work in Bridgeport, and John ".,
Norwich Free Academy, 1907, Holy
Cross College, 1911, a teacher in Drury
High school, Northampton, Mass., are
on the draft list and ready to be
called when needed, leaving only one
of Mrs. McGrory's five children, her
daughter, Miss Anna, at the family
home.
SPIRITUAL SLACKERS.
Such Are Too Many Who Call Them
selves Christian Soldiers, Rev. Peter
J. Cuny Tells St. Patrick's Congre
gation. Preaching at the . high mass in St.
Patrick's church Sunday from the text.
The years pass: I go the way whence
I shall not return Job xvi-23. Rev.
Peter J. Cuny considered what that
life is to which Job refers in these im
pressive phrases whether the life
which is merely a succession of activi
ties p,na sensations and experiences,
or life which is a preparation for an
eternity of existence' with God. Earth
ly life ends when the vital spark
leaves the body; but the soul lives on
forever.
The longest earthly life seems
short, and none can foretell the exact
length of the span of his existence in
this world. Life ends often in child
hood or early youth, principally
through the heritage of those sins of
the fathers which result In Impaired
bodily strength, quite as frequently
because of ignorance of or disregard
for the laws of hygiene, or bacause of
ones own sins. But whatever the
length of life, it is sufficiently long to
enable man to carry out God's purpose
for him, to make this earthly exist
ence a fitting preparation for . eternity
Life then is a training time: -and in
the perfect system of the Catholic doc
trine there comes the intensive train
ing of Purgatory, which fits the soul
for an eternity of service in God s
army of those men of good will who
have gone' before Those who, while
calling themselves Christian soldiers,
shirk this training, this discipline,
who live rathor for sin, they are the
spiritual slackers whom the preacher
scored. If obedience to God and "His
law His ten commandments is one's
main purpose, then nvill a man be in
condition to answer "Ready!" when
the final summons comes. There will
be none of the cringing of the spirit
ual slacker, who, after a life given up
to indulgence, hopes to get by. on his
death bed a chance he cannot always
"count upon.
The fact that no lire Is wholly sat
isfied, that there is always the craving
for Perfection, is, the preacher said,
to his mind the strongest proof of the
Immortality of the soul.
High mass has been resumed at St.
Patrick's after suspension during the
summer and the regular choir sang
during Sunday's service, directed by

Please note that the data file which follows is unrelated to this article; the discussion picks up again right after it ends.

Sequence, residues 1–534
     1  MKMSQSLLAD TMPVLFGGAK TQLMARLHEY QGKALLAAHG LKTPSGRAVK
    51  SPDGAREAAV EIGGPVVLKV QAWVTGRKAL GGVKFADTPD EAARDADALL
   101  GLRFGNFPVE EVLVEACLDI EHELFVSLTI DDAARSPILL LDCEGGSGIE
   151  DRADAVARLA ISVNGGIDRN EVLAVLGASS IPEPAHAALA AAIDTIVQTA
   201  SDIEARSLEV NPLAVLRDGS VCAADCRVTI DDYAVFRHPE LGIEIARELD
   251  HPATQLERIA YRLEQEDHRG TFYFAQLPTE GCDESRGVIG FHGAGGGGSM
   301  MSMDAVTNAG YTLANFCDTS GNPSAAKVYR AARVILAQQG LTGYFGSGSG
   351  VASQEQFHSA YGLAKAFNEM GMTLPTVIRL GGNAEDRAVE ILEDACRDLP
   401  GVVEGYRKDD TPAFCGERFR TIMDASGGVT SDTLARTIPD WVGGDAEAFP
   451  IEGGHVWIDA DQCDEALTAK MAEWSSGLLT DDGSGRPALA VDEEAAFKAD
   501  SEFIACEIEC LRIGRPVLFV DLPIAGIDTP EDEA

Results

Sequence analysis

Oranist Frank L. Farrell. JU-f. Farrell
and John Sullivan being heard In sev
eral solos during the mass. Regular
vespers, followed by Renediotion of
the Blessed Sacrament, has been re
sumed also, beginning at half past
three, Sunday afternoon.
of each park, to see that no one vio-
lates fcbe privileges of the stopping
place.
There will be running water. In
the parks, benches and tables whera
picnics can be held, and provisions
will be made so that automobllists
may stay over night if .they care to.
If all goes well, the parks will ba
ready for use by next spring.
On Furlough From Niantie Camp.
Following the high mass in St. Pat-
rick's church Sunday, many friends
in the congregation warmly welcomed
three members 6f the -26th division
who were up from camp at Niantio
on a bripf furlough. They were Wil
liam J. Bresna.n, of Norwich, no.w a
member of the Fourth Ambulance
Corps, U, S. Army: Thomas Flynn, of
Pawtucket, R. I., a member of the
same corps, and William Foerch, also
of the Fourth Ambulance Corps, from
Providence.
There are two ambulance corps now
at the Niantlc camp, one from Rhode
Island and the other a Connecticut
corps.
TRAVELERS' PARKS
FOR AUTO TOURIST?
Here's the simple, easy, safe way to
surely change gray or faded lifeless
hair to a uniform, dark lustrous, beau
tiful shade perfectly natural in ap
pearance. Morely do as many thou
sands have done and apply Q-ban.
Not a quick-acting dye, but defies .de
tection. Guaranteed harmless 50c a
large bottle. Sold by Lee & Osgood
and all good drug stores. Try
Q-ban Hair Tonic; Q-ban Liquid
Shampoo;' Q-ban Soap.. Also Q-ban
Depilatory.
TRAVELERS' DIRECTORY
Will 'be Built Along Trunk Highways
in State, Pomfret Conference De-
cided.
Travelers' parks at various point
on the trunk line highways of tin
state are to be established for the
benefit of the thousands of automo
tive tourists -who visit Connecticut
each year. This decision was reach
ed by the commission on state parks,
which met in Pomfret, Thursday.'
Three 'or four will - be built be
tween 'New Haven and iBridgeport, one
between New Haven and New London,
one between New Haven and Hart
ford
It is planned to have a man in charge
$1.25 To New York $1.25
"HELSfcA LINE
TO NEW YORK
FREIGHT ;ANO PASSENGER
8ERVK1E BETWEEN
NORWIOH AND NEW YORK
From Norwich Tuesdays, Thurs
days, Sundays at 5 p. m.
New Tork. Brooklyn Bridg.
Pier, East River, foot Roosevelt
Street, Mondays, Wednesdays, Fri
days at 5 p. m. Effective Oct. 16th.
191.
J1.25 F. V. KNOUSE, Agent $1.23

xml | txt